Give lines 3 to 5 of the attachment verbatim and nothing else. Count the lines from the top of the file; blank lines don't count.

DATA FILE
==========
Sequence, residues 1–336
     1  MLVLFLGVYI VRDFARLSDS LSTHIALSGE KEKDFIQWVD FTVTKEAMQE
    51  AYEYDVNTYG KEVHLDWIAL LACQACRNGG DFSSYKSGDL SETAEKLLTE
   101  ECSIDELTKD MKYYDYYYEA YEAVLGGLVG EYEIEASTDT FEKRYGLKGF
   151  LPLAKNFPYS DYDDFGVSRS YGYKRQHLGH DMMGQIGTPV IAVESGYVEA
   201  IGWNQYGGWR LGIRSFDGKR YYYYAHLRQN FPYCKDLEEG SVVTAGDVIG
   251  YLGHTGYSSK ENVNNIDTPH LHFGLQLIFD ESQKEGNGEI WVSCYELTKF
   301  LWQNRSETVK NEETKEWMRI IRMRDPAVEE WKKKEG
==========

    51  AYEYDVNTYG KEVHLDWIAL LACQACRNGG DFSSYKSGDL SETAEKLLTE
   101  ECSIDELTKD MKYYDYYYEA YEAVLGGLVG EYEIEASTDT FEKRYGLKGF
   151  LPLAKNFPYS DYDDFGVSRS YGYKRQHLGH DMMGQIGTPV IAVESGYVEA